The PT Industry like any other industry is competitive ! The average salary for a PT in the UK is around £19,591 (payscale.com; however this can differ in other parts of the world such as the US and UAE. For the hours PT’s put in, most in the UK are not flourishing!
But in an industry worth £5 billion, someone must be making money! Whether you like him or not, Joe Wicks (The Body Coach) has £12 million turnover per year, earning the average PT salary every 14 hours! He recently had over a million views during one of his PE workouts on TV.
Bruce Lee commanded a fee of £1000 per hour to train with him. How many PT’s would be comfortable charging that?
How is it possible to earn this money when some trainers feel uncomfortable charging £30/hour?
Getting Smaller to Get Bigger
Like them or hate them, One Direction had the most successful year of any band ever, earning $130 million in 2015.
How did they do this? They targeted teenage girls, and only them. They don’t make music for males, for adults or for very young children, just teenage girls, and this niche made them successful and rich.
Who are the highest paid doctors? The ones who specialize in treating one condition or body part. You wouldn’t go to your general practitioner if you needed a heart transplant.
Let’s bring this back to fitness. Joe Wicks made his fortune by focusing purely on 15-minute meals and 15-minute workouts on Instagram.
Who else is successful in the industry?
- Ben Coomber & Martin MacDonald, who specialises in nutrition education.
- Jenny Burrell, who focuses on female health specifically pregnancy/postnatal and menopause
- James Smith, who specialises with online coaching, books etc.
- Bret Contreras, ‘the glute guy’
I could keep listing names, but you get the idea – these guys all succeeded and thrived by becoming a specialist in one area.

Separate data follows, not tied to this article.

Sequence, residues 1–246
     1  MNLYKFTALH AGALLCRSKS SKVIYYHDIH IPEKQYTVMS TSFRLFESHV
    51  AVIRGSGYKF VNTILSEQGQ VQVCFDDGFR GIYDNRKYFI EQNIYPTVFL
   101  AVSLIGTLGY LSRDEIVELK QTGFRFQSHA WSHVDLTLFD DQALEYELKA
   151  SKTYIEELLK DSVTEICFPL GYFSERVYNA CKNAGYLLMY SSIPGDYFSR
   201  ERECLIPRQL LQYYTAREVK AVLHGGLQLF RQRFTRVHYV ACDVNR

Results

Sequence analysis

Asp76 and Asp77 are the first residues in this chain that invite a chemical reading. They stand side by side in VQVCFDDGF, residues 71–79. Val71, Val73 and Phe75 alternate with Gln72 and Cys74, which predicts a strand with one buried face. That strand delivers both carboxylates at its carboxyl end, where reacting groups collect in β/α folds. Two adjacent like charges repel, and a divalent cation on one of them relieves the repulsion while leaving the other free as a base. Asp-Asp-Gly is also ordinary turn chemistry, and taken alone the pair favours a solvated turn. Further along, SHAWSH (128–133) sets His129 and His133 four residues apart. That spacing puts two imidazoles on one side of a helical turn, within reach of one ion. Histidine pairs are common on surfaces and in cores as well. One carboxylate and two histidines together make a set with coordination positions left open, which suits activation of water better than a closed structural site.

What is a Specialist?
When you are next in the gym, look at the PT profiles. Look at the list of specialisms. Normally loads of them!
It starts off with qualifications:
“No one cares how much you know until they know how much you care”
Here are some things to consider when comes to specialising:
- Be a specialist in one thing
- Be great in a few
- Be good in many
Unfortunately, this is how most PT profiles look across all gym groups – everyone is a specialist in all the same areas. We all blend in together. No one stands out.
Defining Your Own Specialist Area
There are two things to consider when defining your niche:
- How big is the niche?
- How well do you fit the niche?
The size of your niche needs to be big enough for you to gain enough clients from. If you want to focus on males, 20-35 years old who want to step on stage and compete in body building shows, BUT your gym has only 5 people who fit this niche, it isn’t the right one for you at your club.
Unless you take to online training, you need to find another niche.
Secondly, if you have never competed before yourself OR ever trained anyone to compete, you don’t fit the niche. You don’t have the reputation or the experience. So again, choose another niche.
I look at the pre and post-natal qualification which includes nutrition for post-natal recovery. The size of the niche is HUGE. Approximately 50% of the population will either be pregnant or post-natal at some point in their life.
Next Steps After Defining Your Niche
After you define your niche, you need to do everything you can to establish yourself as the go-to expert. Here are a few things you can consider to achieve this:
- Social proof – do you have evidence of having been successful yourself or with others?
- Social media – your social media is a reflection of you. I am a big believer that your personal social media should include references to your niche area.
- Experience – get experience training people in your niche to gain the above.
- Authenticity – when people see you in real life vs socially, are you believable as the expert in your chosen area?
- Clarity – change your PT profile so your message is clear. This is who I train (and make sure you do it well).
- Reputation – it takes years to build up a good reputation but only seconds to ruin it. Be professional.
- Stand out – don’t be like every other L3 PT. To be more appealing to one group, you have to be less attractive to the others.
- Education – the first thought in any choice of education should be ”does it help me train my chosen niche better, or will it help me gain more clients from that group?”
To really flourish and stand out as a PT, you must specialise. You have to define a niche. Being a generalist is totally fine, but to earn more money and to go to the next level, you must focus on one group and do everything in your power to become the go-to expert for that group. The one area that no one else can ever be better than you at, is being you! Define what niche works for you, what are you passionate about, and then create your strategy and plan from that.
Written by Kevin Mantle BSc, ASCC